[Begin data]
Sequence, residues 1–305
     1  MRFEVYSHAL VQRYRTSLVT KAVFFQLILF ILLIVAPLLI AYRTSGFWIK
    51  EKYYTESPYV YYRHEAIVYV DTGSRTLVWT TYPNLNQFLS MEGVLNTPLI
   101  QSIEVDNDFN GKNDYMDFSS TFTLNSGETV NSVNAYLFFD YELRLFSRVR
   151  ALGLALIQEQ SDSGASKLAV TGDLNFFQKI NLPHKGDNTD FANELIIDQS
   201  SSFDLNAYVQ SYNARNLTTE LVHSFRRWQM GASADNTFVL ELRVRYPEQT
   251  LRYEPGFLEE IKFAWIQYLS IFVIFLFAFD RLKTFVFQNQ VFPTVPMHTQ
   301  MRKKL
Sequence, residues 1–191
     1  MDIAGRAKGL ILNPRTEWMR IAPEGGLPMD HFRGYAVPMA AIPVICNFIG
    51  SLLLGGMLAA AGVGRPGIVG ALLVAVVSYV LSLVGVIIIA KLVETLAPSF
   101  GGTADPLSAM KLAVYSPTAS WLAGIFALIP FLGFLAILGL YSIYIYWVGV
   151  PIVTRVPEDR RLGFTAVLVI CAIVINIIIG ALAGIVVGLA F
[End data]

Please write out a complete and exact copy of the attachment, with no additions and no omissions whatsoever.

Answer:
Sequence, residues 1–305
     1  MRFEVYSHAL VQRYRTSLVT KAVFFQLILF ILLIVAPLLI AYRTSGFWIK
    51  EKYYTESPYV YYRHEAIVYV DTGSRTLVWT TYPNLNQFLS MEGVLNTPLI
   101  QSIEVDNDFN GKNDYMDFSS TFTLNSGETV NSVNAYLFFD YELRLFSRVR
   151  ALGLALIQEQ SDSGASKLAV TGDLNFFQKI NLPHKGDNTD FANELIIDQS
   201  SSFDLNAYVQ SYNARNLTTE LVHSFRRWQM GASADNTFVL ELRVRYPEQT
   251  LRYEPGFLEE IKFAWIQYLS IFVIFLFAFD RLKTFVFQNQ VFPTVPMHTQ
   301  MRKKL
Sequence, residues 1–191
     1  MDIAGRAKGL ILNPRTEWMR IAPEGGLPMD HFRGYAVPMA AIPVICNFIG
    51  SLLLGGMLAA AGVGRPGIVG ALLVAVVSYV LSLVGVIIIA KLVETLAPSF
   101  GGTADPLSAM KLAVYSPTAS WLAGIFALIP FLGFLAILGL YSIYIYWVGV
   151  PIVTRVPEDR RLGFTAVLVI CAIVINIIIG ALAGIVVGLA F